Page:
Good Example Of Critical Thinking On Scientific School Management
Reducing the public control of schools has both merits and demerits. However, the overwhelming induction from the critical analysis of fact related to the issue reveals that it would do more harm than good in regard to children’s growth in education. Unfortunately, a reduction in the public’s control of schools translates into increased power for school administrators. In fact, school administrators often welcome these changes since they translate into increased status, income and power for them (Spring, 2014). Although there are some school administrators who may have the student’s best interests at heart, some may ultimately be in it for the money. Schools may, therefore, be transformed into money-minting centers where there is little emphasis on the quality of education. For instance, out of greed, administrators may levy huge fees on students for both tuition and developmental programs. The public provides the checks and balances needed to ensure that the priority of schools is on high quality education. Schools under public control rarely go wayward as they are likely to invite the fury of the public if they do. In addition, school administrators realize that they are constantly in the public’s eye, and any action that deviates from the primary intention of a school, which is to educate children, will not be met with kindness.
Immigrants make their way into the United States every year essentially looking for a better life. They are those who are educated but have not found employment in their home nations, while others are uneducated and who come to the States hoping for the best since there is a perception that the United States has opportunities for everyone, even the uneducated. Unfortunately, research seems to indicate those people who are unemployed or who have very poor test scores only increase the problems in the country. Since these people do not have enough education credentials or have not scored the required test scores to hold sustainable jobs, most of them end up on government welfare, therefore increasing the huge baggage the government already has. This is why a policy restricting immigrants to enter the nation based on their test scores might be beneficial in the long run. Such a policy will ensure that the only people who make their way into the country are those who can actively contribute and boost the national economy due to their skill and knowledge. High test scores increase the chances of employment. In addition, people with high test scores have a higher likelihood of even engaging in entrepreneurial endeavors and once again contributing positively to the economy of the nation.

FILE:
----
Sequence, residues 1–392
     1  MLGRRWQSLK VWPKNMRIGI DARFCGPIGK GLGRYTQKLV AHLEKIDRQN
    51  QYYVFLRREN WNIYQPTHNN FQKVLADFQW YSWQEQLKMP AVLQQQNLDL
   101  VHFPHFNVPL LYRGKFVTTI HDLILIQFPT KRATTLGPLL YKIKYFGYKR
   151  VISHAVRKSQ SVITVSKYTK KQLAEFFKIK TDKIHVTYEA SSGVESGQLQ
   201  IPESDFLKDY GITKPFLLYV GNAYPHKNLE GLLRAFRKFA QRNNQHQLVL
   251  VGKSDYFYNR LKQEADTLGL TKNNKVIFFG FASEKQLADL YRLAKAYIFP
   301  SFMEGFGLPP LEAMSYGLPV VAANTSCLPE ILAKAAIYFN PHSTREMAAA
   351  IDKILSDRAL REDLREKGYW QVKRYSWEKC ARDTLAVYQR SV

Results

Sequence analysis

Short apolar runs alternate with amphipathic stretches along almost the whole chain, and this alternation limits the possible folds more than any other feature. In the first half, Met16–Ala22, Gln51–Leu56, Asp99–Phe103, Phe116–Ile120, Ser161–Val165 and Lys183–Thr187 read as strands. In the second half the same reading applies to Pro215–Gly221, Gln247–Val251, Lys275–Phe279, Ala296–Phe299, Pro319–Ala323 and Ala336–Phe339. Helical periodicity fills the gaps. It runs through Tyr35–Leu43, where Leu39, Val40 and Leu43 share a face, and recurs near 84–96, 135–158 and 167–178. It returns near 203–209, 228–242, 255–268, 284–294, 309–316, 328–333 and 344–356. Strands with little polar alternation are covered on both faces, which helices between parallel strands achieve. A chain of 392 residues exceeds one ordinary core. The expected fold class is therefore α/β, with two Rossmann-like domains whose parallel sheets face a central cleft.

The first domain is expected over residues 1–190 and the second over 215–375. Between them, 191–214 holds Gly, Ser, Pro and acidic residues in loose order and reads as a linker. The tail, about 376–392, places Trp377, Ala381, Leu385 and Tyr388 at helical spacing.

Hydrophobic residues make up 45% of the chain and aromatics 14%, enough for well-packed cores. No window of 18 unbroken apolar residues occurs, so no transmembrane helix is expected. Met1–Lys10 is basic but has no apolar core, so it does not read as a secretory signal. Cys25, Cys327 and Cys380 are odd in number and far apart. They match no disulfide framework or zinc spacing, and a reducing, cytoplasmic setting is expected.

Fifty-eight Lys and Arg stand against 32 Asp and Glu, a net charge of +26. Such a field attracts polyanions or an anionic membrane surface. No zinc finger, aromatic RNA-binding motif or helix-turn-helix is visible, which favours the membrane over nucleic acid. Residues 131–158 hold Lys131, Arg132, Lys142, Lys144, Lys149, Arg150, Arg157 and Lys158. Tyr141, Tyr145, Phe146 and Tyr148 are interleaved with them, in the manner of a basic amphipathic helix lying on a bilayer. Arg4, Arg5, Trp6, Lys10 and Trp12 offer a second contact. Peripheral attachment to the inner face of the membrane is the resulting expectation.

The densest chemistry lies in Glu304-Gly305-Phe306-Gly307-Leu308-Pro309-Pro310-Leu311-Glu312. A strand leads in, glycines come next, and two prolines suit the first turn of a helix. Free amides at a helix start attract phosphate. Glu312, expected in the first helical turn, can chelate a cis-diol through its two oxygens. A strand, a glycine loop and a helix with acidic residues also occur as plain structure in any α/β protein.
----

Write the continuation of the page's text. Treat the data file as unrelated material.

Regardless of one’s background or physical condition, everyone has at least something to offer to the society. Unfortunately, the current society is very fast to dismiss people with certain weaknesses. The society castigates such people and deems them useless and more often than not, these people are denied access to essential human resources. This is the case when it comes to special needs people. Special needs education has never been accorded the attention that it deserves, perhaps because the society is still unsure of what special needs people can offer to it. However, the society should realize that the provision and development of special needs education to those who need it helps such people to become participative members of the society. First of all, special education teaches children and adults ways of compensating for what they lack. Special education teachers understand the needs of children and adults in such classes. Consequently, they are able to utilize relevant strategies to mold these people into useful society members (Everard et al., 2014). This may ultimately not be the case if special needs students are forced to enroll in regular classrooms or education programs and, in fact, such a move accentuates the society’s castigation of these people.
Everard, K. B., Morris, G., & Wilson, I. (2004). Effective school management. Sage.
Spring, J. H. (2014). The American school: A global context from the Puritans to the Obama era. (9th edition. pp. 270-298). New York: NY, McGraw-Hill.